Lamb and quinoa kofta on soft chickpeas with toasted pita bread

“It’s amazing how much flavor you can shove into one little ball,” says Jane Coxwell of this kofta recipe.

Serves: Serves 2 to 3


1/4 cup uncooked quinoa
1/2 pound best-quality ground lamb
2 Tbs minced red onion
1 large minced garlic clove
1 tsp ground cumin
1/4 tsp ground sumac
a pinch cayenne pepper
1/3 bunch of fresh coriander leaves
Zest of 1/2 a lemon
Maldon salt
Freshly ground black pepper
1 tsp ground cumin
2 Tbs olive oil
1/2 a finely chopped red onion
1 large minced garlic clove
can of chickpeas
Maldon salt
black pepper
1/2 a lemon
3 Tbs extra virgin olive oil
2 large pitas
1 handful fresh coriander leaves


Cook the quinoa according to the package directions and drain. Place back over the heat and stir for a minute to remove any excess moisture. Remove from the heat and cool.

In a large bowl, combine the lamb, onion, garlic, cumin, coriander, sumac, cayenne, cilantro, and lemon zest; season with salt and pepper. Give it a good mix with your hands, add the quinoa, and mix again until the ingredients are evenly distributed. I taste mine here and encourage you to do the same.

Cover the lamb mixture in plastic wrap and refrigerate it for at least 30 minutes, or up to 6 hours, to firm up a little.

Meanwhile, prepare the chickpeas. Add the cumin to a dry sauté pan and toast it for a couple of minutes over low heat, stirring often, until fragrant. Add the olive oil to the pan, then the onion and garlic, and sweat them down for about 5 minutes, still over low heat (you’re not looking for them to brown). Add the chickpeas along with the liquid in the can. Season with a little salt and pepper and simmer for about 10 minutes. You want the chickpeas to be fork tender but not so soft that they don’t hold together. Give the pan a shake every now and then.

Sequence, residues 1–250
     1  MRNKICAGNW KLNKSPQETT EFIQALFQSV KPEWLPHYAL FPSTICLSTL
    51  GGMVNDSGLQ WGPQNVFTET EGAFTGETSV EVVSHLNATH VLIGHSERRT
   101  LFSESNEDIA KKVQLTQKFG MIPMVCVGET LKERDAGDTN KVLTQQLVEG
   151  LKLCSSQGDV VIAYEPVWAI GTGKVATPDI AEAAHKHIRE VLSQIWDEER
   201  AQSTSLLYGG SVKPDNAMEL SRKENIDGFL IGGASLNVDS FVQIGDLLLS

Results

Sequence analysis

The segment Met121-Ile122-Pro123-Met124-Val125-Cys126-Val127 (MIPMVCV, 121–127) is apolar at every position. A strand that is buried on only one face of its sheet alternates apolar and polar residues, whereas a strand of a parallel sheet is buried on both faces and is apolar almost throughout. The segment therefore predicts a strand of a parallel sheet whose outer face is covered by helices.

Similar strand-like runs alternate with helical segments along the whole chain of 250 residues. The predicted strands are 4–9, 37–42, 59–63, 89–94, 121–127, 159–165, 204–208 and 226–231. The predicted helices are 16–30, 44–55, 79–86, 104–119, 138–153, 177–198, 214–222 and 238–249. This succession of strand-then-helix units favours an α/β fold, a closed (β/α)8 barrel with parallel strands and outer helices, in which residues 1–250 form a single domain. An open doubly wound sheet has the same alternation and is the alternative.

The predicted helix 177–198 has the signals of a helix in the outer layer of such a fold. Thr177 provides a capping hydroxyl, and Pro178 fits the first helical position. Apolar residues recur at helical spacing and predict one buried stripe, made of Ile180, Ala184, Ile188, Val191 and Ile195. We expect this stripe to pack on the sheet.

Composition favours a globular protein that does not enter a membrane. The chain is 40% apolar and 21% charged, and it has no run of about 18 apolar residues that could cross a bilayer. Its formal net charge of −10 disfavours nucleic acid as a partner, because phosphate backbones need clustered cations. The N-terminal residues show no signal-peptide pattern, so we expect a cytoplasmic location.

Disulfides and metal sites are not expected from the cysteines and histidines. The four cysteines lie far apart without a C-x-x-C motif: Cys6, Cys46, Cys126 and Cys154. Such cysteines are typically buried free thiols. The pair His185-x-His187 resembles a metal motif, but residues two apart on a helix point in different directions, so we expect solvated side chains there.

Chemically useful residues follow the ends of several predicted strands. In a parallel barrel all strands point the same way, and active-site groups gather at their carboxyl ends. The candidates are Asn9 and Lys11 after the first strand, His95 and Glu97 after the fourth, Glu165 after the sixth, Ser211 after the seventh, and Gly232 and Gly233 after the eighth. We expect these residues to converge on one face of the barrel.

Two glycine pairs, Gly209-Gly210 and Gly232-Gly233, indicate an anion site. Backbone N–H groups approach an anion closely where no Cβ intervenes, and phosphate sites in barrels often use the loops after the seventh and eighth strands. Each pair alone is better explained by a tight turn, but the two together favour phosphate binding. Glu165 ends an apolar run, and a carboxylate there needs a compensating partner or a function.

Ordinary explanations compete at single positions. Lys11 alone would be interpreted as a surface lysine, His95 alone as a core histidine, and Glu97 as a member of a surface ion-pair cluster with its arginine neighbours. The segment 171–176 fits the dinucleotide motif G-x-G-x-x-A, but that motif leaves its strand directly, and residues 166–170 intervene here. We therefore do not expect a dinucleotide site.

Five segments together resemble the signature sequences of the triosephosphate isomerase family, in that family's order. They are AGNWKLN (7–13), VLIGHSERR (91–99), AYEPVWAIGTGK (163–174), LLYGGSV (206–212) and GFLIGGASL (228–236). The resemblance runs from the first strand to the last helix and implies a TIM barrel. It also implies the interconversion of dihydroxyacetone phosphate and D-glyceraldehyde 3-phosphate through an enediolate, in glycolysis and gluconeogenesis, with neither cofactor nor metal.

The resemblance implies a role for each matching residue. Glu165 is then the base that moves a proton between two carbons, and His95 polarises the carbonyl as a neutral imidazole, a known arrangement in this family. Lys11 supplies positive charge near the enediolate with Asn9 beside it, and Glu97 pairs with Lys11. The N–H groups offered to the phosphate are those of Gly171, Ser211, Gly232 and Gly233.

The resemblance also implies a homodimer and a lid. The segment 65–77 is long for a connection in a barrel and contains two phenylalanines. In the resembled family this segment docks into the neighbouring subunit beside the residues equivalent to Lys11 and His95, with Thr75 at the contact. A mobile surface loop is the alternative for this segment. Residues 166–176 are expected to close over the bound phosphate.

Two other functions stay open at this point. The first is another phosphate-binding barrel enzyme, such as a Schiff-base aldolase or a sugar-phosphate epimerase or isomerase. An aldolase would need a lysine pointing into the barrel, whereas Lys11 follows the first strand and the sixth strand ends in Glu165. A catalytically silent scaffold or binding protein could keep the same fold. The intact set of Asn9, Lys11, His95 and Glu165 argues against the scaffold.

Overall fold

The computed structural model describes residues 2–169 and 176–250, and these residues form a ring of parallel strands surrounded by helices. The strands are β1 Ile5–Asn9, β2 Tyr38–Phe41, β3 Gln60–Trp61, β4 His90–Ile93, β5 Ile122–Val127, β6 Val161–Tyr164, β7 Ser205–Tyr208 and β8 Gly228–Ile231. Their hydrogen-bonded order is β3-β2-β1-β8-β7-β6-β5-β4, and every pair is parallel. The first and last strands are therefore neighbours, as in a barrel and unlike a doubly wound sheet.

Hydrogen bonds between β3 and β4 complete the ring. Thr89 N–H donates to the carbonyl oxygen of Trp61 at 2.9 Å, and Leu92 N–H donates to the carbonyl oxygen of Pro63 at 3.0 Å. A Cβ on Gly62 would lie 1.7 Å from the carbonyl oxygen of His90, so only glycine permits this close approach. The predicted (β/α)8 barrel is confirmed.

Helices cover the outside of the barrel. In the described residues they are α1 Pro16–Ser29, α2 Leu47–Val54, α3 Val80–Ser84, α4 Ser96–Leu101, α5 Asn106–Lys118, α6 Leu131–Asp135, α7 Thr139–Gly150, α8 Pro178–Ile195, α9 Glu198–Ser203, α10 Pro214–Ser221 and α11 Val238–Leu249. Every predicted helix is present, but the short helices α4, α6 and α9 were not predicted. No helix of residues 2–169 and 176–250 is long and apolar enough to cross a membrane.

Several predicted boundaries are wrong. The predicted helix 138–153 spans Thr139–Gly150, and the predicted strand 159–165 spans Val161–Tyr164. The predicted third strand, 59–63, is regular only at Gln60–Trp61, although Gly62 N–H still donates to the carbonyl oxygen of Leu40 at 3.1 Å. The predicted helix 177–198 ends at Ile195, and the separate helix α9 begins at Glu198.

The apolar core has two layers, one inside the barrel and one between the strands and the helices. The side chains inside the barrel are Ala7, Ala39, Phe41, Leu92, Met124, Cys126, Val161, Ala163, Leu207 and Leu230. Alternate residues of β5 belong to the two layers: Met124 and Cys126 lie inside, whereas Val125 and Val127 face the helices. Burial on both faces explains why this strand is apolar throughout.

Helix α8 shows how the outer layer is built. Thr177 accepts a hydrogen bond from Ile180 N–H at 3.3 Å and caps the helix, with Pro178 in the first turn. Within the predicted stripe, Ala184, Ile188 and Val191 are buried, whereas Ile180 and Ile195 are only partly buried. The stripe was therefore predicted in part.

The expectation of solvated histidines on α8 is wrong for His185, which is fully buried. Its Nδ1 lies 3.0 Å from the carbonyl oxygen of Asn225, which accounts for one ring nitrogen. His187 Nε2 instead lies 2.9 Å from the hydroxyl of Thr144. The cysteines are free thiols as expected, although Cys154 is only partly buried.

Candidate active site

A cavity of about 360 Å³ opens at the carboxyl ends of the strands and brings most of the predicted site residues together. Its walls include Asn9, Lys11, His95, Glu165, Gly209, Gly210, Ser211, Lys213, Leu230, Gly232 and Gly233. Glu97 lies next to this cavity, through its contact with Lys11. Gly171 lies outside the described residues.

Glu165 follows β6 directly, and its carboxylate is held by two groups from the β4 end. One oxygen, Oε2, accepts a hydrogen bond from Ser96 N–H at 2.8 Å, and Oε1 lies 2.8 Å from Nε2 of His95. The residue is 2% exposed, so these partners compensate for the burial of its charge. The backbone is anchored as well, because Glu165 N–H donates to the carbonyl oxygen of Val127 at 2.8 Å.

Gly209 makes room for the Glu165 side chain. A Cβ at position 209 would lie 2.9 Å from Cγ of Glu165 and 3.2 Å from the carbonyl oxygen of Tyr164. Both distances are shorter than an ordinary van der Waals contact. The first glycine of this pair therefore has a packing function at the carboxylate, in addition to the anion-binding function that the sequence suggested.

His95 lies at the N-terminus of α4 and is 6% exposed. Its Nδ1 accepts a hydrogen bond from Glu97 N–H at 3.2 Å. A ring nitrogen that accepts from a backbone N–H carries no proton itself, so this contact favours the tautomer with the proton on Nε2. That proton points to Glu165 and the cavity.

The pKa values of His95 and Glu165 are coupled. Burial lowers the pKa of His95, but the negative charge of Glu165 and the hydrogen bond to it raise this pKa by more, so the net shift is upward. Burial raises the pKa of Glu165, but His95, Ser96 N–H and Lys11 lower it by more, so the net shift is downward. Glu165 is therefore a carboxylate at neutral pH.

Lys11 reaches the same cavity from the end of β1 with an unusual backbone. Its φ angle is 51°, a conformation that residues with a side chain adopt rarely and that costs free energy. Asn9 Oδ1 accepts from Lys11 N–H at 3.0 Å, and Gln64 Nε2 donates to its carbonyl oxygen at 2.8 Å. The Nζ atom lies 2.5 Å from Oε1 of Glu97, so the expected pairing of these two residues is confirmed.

Remove the pan from the heat and let the chickpeas cool a bit. Add a squeeze of lemon juice and check the seasoning. (You’ll be reheating the chickpeas quickly when the koftas are cooked.)

Remove the lamb mixture from the fridge and form it into football shapes. I start by rolling meatballs the size of a golf ball and then I squash them a little to elongate them. Or you can make the meatballs in any shape you like.

When you’re ready to eat, heat a large sauté pan over medium-high heat and add a couple of tablespoons of olive oil. Get the pan pretty hot, but not smoking hot. You want to get nice color on the lamb, but not so much heat that the outsides burn before the insides cook. Place the meatballs one by one in the pan and cook them for about 4 minutes each, until browned on the outside and cooked through in the middle. (If you want to prepare them in advance, cook them for a couple of minutes in a very hot pan to give them some color and then transfer them to a baking dish. When you’re ready to serve, finish them off in a 400°F oven for a few minutes.)

While the meatballs are cooking, gently warm the chickpeas over low heat. Slice the pitas into 4cm strips.

Place the warmed chickpeas on a serving platter and top with the meatballs. Keep the heat going on the sauté pan that held the meatballs and use that oil to fry the pita bread strips, about 1 minute on each side. Place the pita strips on the side of the platter, top the whole thing with cilantro leaves, and serve.

Courtesy of Fresh Happy Tasty by Jane Coxwell, published by HarperCollins. 

Fresh Happy Tasty by Jane Coxwell

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